Following administrative exhaustion of his charges of discrimination with the Equal Employment Opportunity Commission (EEOC) and Pennsylvania Human Relations Commission (PHRC), id. ¶ 6, plaintiff commenced the current litigation on January 3, 2017. His complaint sets forth multiple claims as follows: (1) age discrimination under the Age Discrimination in Employment Act (ADEA), 29 U.S.C. § 621, et seq.; (2) age discrimination under the Pennsylvania Human Relations Act (PHRA), 43 P.S. § 953, et seq.; (3) disability discrimination and retaliation under the Americans With Disabilities Act (ADA) of 1990, 42 U.S.C. § 12101, et seq.; and (4) disability discrimination and retaliation under the PHRA. On February 13, 2017, defendant filed a motion to dismiss Counts III and IV of the complaint. Dkt. No. 5. Plaintiff responded on February 24, 2017.[1] Dkt. No. 8.

         STANDARD OF REVIEW

         Under Federal Rule of Civil Procedure 12(b)(6), a defendant bears the burden of demonstrating that the plaintiff has not stated a claim upon which relief can be granted. Fed.R.Civ.P. 12(b)(6); see also Hedges v. United States, 404 F.3d 744, 750 (3d Cir. 2005). The United States Supreme Court has recognized that “a plaintiff's obligation to provide the ‘grounds' of his ‘entitle[ment] to relief' requires more than labels and conclusions.” Bell Atl. Corp. v. Twombly, 550 U.S. 544, 555 (2007) (quotations omitted). “[T]hreadbare recitals of the elements of a cause of action, supported by mere conclusory statements, do not suffice” and “only a complaint that states a plausible claim for relief survives a motion to dismiss.” Ashcroft v. Iqbal, 556 U.S. 662, 678 (2009). “A claim has facial plausibility when the plaintiff pleads factual content that allows the court to draw the reasonable inference that the defendant is liable for the misconduct alleged.” Id. A complaint does not show an entitlement to relief when the well-pleaded facts do not permit the court to infer more than the mere possibility of misconduct. Id.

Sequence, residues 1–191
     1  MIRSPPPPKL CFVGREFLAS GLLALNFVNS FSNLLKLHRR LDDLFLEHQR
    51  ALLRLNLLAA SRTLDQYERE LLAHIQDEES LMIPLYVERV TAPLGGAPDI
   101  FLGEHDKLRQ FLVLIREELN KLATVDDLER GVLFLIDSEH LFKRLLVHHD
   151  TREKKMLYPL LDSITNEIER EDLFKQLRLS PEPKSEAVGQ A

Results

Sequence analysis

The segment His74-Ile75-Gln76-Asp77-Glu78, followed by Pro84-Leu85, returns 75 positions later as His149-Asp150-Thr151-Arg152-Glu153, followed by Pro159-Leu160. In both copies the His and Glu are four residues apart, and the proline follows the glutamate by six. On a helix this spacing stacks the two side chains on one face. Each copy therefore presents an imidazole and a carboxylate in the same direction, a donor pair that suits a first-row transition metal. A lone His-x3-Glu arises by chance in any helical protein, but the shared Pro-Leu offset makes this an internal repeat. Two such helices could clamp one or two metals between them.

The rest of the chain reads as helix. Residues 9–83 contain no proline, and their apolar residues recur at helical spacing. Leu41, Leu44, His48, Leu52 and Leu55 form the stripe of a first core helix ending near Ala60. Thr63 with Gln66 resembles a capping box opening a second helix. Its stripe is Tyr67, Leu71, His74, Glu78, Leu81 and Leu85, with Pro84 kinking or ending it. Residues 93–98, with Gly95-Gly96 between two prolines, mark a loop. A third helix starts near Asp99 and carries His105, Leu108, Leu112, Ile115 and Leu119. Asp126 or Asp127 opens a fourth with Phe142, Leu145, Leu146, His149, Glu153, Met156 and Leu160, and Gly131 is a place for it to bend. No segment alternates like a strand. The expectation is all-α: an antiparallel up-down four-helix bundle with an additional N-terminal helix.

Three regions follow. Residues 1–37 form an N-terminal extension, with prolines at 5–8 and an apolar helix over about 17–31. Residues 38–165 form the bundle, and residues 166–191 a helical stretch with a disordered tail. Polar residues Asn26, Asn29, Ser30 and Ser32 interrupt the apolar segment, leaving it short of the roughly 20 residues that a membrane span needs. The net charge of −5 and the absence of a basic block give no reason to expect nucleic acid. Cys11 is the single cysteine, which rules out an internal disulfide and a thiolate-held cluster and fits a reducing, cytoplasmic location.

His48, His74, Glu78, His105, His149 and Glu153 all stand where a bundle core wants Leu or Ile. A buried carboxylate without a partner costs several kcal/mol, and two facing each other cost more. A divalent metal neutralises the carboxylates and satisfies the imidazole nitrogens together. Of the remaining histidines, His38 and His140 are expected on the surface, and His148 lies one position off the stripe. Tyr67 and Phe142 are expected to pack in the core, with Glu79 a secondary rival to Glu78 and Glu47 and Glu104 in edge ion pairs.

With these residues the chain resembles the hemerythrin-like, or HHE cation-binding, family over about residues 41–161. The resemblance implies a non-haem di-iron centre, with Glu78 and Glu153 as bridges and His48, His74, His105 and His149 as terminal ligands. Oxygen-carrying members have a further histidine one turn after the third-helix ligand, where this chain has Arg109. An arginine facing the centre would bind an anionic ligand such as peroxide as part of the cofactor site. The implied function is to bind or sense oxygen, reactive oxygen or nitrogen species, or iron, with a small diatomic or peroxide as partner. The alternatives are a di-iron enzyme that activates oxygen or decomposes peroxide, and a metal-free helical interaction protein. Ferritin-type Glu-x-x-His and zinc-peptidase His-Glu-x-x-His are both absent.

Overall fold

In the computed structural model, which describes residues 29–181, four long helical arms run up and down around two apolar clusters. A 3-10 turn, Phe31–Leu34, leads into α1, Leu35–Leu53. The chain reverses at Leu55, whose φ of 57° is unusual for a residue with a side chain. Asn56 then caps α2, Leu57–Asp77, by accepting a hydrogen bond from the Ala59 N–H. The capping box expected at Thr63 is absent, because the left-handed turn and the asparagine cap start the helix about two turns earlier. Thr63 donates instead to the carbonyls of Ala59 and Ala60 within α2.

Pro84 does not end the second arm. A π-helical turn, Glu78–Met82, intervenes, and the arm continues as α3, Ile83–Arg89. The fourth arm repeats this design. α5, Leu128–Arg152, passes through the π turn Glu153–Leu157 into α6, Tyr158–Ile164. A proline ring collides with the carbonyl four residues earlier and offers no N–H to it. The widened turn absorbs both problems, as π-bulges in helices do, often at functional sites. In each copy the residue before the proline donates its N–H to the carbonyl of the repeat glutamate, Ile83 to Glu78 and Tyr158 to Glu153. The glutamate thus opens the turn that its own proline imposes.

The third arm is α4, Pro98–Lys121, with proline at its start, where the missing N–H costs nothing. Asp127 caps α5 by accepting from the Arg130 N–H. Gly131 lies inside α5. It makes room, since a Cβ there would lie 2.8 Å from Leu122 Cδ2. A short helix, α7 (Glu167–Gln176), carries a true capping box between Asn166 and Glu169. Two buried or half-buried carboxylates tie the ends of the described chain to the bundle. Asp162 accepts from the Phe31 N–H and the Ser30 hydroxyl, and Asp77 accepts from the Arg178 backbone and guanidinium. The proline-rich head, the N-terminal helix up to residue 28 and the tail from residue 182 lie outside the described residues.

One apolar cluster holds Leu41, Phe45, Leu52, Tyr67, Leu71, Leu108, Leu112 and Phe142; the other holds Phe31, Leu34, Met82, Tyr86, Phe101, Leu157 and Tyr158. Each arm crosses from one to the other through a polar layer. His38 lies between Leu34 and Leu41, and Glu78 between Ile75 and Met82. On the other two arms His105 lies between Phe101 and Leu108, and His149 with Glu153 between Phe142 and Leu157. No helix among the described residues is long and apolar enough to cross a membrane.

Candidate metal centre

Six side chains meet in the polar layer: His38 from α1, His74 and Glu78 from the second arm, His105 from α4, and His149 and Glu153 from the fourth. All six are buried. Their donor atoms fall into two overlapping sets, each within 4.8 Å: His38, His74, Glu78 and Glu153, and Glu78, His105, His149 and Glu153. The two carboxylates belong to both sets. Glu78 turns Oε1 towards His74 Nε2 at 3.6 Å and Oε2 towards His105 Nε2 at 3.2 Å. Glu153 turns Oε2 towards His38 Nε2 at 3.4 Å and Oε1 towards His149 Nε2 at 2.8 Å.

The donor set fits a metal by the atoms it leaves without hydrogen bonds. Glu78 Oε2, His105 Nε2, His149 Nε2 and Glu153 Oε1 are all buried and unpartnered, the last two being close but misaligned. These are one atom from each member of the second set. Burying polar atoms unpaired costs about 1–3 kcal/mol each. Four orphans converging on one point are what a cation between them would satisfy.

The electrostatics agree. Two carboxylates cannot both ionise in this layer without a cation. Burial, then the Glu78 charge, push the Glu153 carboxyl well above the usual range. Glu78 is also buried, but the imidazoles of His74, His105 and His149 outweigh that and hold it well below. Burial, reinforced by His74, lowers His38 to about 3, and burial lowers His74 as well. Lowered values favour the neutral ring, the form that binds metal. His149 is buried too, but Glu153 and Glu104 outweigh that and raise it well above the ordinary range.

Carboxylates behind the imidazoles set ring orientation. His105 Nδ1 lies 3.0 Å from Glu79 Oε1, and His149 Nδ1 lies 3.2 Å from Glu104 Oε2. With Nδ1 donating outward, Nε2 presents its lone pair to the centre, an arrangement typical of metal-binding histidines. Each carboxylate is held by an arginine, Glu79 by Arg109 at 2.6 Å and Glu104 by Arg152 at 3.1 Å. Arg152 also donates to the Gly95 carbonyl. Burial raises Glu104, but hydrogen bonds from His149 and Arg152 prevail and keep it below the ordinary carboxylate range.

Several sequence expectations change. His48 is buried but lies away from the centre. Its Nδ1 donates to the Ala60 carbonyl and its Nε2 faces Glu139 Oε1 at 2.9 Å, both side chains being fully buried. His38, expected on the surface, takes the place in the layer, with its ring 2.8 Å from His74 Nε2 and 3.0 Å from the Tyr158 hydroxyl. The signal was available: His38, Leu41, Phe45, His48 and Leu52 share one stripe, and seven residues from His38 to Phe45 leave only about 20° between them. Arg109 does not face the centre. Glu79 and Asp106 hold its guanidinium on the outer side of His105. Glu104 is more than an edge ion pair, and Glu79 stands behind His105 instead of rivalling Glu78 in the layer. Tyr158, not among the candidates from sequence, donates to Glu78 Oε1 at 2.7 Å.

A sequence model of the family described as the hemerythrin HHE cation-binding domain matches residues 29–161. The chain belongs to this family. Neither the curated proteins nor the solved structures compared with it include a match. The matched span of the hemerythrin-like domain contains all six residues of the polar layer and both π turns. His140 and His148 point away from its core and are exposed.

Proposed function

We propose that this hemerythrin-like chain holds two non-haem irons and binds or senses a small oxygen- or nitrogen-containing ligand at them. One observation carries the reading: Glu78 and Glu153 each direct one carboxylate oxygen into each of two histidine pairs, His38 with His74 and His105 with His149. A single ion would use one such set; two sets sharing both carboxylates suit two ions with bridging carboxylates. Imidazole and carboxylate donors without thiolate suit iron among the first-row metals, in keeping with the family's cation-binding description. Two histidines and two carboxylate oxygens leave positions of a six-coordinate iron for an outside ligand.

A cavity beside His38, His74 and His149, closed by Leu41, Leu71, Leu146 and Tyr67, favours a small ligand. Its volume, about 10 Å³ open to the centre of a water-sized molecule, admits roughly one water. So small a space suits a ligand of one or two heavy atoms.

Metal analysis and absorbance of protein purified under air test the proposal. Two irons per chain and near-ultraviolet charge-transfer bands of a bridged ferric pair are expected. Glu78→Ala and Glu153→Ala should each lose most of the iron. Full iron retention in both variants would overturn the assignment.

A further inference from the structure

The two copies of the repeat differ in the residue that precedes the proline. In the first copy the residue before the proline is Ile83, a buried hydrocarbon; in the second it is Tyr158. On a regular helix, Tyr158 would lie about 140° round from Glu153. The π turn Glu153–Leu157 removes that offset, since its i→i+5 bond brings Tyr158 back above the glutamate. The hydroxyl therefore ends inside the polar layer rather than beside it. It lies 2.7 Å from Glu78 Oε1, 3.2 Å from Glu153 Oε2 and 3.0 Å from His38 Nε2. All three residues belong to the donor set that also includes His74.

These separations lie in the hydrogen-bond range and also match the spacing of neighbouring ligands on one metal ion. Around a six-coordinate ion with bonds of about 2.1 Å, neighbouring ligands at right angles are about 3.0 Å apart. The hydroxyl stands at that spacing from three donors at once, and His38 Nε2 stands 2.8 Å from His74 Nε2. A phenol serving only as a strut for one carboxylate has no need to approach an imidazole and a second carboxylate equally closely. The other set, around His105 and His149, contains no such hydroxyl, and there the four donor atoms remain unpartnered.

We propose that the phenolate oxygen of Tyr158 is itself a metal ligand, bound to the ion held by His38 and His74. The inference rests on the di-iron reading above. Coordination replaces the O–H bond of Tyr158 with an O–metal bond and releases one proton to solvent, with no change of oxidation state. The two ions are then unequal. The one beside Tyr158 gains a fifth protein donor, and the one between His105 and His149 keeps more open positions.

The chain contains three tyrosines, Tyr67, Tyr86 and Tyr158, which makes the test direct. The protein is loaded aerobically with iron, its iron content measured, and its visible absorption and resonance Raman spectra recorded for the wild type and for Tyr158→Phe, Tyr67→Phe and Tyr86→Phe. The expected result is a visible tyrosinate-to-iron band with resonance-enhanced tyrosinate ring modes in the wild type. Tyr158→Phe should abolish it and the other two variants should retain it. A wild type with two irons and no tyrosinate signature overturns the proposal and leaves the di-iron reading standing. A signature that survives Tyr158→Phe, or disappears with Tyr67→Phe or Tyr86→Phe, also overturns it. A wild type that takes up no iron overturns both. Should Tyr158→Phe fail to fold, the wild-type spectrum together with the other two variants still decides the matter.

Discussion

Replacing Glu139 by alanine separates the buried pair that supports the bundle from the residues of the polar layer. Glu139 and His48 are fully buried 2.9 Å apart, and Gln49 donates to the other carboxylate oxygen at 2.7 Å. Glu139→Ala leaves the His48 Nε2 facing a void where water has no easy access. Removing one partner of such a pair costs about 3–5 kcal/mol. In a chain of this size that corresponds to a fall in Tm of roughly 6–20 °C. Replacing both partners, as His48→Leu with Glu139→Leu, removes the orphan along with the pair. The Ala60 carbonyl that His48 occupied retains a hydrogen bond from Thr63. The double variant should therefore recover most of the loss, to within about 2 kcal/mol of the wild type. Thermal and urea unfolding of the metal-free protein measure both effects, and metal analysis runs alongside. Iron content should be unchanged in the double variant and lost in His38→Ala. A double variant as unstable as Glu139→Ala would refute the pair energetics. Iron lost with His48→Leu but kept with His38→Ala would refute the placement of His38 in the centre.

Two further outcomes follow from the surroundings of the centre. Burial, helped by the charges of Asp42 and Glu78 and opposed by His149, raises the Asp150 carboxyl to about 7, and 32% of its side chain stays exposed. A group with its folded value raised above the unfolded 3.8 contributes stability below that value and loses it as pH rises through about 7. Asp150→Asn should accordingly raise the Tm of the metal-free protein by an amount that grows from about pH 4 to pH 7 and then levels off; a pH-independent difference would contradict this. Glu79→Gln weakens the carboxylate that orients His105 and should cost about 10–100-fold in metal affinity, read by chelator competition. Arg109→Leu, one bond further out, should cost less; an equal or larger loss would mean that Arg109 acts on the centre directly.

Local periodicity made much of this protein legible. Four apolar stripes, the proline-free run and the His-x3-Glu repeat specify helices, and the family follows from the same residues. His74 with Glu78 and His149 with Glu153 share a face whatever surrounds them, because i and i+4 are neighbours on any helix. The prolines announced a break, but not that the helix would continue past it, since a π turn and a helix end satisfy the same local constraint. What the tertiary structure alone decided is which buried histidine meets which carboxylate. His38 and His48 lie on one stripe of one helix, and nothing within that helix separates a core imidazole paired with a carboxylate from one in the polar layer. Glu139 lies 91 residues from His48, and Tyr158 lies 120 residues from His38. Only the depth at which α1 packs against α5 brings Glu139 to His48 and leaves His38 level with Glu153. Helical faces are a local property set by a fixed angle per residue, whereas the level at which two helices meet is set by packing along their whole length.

The Court of Appeals has detailed a three-step process to determine whether a complaint meets the pleadings standard. Bistrian v. Levi, 696 F.3d 352 (3d Cir. 2014). First, the court outlines the elements a plaintiff must plead to state a claim for relief. Id. at 365. Next, the court must “peel away those allegations that are no more than conclusions and thus not entitled to the assumption of truth.” Id. Finally, the court “look[s] for well-pled factual allegations, assume[s] their veracity, and then ‘determine[s] whether they plausibly give rise to an entitlement to relief.'” Id., quoting Iqbal, 556 U.S. at 679. The last step is “‘a context-specific task that requires the reviewing court to draw on its judicial experience and common sense.'” Id., quoting Iqbal, 556 U.S. at 679.

         DISCUSSION

         I. ADA and PHRA Discrimination Claims

         Defendant first seeks dismissal of plaintiff's claims of disability discrimination on the ground that plaintiff has failed to plead facts showing that he is a disabled person within the meaning of the ADA and the PHRA. I agree and will grant the motion to dismiss.

         The Americans With Disabilities Act[2] forbids employers from “discriminat[ing] against a qualified individual with a disability because of the disability of such individual in regard to job application procedures, the hiring, advancement, or discharge of employees, employee compensation, job training, and other terms, conditions, and privileges of employment.” 42 U.S.C. § 12112(a). To state a claim for employment discrimination under the ADA, [3] a plaintiff must demonstrate that he or she is a “qualified individual with a disability” within the meaning of the Act, and that he or she has suffered an adverse employment decision as a result of the discrimination. Tice v. Ctr. Area Transp. Auth., 247 F.3d 506, 511-12 (3d Cir. 2001). A “qualified individual with a disability” is “an individual with a ...